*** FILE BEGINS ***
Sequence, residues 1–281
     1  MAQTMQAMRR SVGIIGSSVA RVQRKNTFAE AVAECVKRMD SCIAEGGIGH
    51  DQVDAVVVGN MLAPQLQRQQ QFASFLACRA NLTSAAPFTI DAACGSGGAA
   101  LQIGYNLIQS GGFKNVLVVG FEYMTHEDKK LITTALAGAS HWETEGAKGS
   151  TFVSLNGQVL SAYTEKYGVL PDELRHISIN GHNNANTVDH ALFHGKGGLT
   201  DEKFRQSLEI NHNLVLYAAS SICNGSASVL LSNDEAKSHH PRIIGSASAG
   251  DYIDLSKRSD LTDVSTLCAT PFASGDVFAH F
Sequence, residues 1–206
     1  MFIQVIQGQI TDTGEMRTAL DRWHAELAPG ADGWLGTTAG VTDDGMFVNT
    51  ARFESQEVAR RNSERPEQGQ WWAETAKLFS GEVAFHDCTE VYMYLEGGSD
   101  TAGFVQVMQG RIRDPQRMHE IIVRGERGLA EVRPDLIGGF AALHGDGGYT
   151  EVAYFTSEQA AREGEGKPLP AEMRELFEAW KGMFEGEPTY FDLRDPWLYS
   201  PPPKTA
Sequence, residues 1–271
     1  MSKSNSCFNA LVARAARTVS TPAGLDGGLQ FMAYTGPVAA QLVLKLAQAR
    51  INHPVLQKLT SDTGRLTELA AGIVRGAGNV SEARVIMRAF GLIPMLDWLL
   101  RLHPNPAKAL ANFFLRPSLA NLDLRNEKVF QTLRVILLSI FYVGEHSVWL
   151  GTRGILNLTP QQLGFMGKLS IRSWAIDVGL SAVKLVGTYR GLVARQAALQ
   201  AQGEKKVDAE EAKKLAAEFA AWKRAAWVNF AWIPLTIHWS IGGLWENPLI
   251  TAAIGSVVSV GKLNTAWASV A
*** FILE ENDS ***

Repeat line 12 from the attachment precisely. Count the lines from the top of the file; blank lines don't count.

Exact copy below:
   151  EVAYFTSEQA AREGEGKPLP AEMRELFEAW KGMFEGEPTY FDLRDPWLYS